How to Build a Campfire

How to Build a Campfire

Most of today’s RV’s and new fangled camping gear allow campers to take their modern conveniences with them. But if you really want to rough it, you’ll need some way to start a fire. And no matter which method you like best, every fire needs tinder; see our post about tinder options. It never hurts to know more than one way to start a fire. Here are a few traditional methods:


The simplest way to start your fire is with matches and good tinder. Ideally, you strike the match, light the tinder, and build up the flame with larger and larger pieces of kindling. Of course wet matches do you little good, so it never hurts to know a few matchless fire-starting methods as well.

Hand or Bow Drill

A hand drill is easy to build, even if you haven’t prepared anything ahead of time. You just need a good fireboard (a large chunk of bark works great) and a stick. Rub the end of the stick against the fireboard by rolling it between your hands rapidly. You can imagine how difficult a hand drill could be to keep up with, and that’s why we like the bow drill option better. A picture says a thousand words:

You’ll need a socket to provide pressure on your stick or spindle. This can be another piece of wood or a stone—really anything that keeps the spindle in place while you work with the bow. This method takes some preparation, but it is a lot easier to run than the hand drill. Either way, be sure to cut a small notch in your fire board so the stick you use will sit in one spot and the friction can work up to the desired spark.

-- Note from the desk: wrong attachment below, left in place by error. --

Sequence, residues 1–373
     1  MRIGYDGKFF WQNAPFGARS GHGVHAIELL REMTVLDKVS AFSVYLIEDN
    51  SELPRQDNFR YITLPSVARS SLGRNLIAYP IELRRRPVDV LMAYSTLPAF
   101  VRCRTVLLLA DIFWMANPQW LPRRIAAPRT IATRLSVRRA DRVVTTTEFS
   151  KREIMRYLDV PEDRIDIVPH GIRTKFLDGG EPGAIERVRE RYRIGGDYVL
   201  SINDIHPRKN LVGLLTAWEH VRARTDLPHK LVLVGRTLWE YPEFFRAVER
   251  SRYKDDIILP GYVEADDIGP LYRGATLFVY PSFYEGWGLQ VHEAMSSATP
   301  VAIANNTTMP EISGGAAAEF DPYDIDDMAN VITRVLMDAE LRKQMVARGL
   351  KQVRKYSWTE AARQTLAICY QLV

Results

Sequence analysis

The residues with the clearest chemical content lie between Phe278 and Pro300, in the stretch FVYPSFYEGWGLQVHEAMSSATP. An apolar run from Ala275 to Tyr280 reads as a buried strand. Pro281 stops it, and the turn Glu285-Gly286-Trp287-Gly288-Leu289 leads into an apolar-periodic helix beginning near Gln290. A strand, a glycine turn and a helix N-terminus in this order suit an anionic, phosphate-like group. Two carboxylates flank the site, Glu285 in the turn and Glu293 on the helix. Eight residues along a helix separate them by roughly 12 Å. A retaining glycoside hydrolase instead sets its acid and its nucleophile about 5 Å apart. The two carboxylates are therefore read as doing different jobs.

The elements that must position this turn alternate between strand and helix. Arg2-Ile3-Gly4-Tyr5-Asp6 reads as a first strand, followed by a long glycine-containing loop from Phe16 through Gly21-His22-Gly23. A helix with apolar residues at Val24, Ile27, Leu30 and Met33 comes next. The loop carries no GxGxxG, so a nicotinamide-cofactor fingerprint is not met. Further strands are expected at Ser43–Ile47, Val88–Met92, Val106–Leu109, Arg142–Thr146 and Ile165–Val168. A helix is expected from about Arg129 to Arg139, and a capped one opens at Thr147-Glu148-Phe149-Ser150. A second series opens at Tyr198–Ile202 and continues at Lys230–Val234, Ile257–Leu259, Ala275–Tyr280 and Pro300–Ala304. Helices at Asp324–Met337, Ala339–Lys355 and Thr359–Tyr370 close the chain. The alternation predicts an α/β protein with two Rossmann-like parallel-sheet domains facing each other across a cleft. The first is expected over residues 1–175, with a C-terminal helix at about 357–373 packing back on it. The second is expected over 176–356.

Flint and Steel

You can buy a good flint and steel set at most any camping goods store, and even a few supermarkets. Remember to buy the char that goes with it—this is the fabric that has been formed into a sort of charcoal that holds a smolder from striking the set until you can light the tinder. Sets are often lightweight and are, of course, water-proof. If you forgot your set, another option is quartzite and your pocket-knife. Use the back of your knife blade against the quartzite to ignite the char. When the char is lit, set it under your tinder nest and blow gently to light the tinder.


A magnifying glass, eyeglasses, or a binocular lens are all good options for the next method. Simply hold your lens at an angle that catches the sun and aims it at your tinder nest. Soon you’ll have fire. This method only works well on sunny days though. Do you have a favorite fire-starting method? Please share it with us.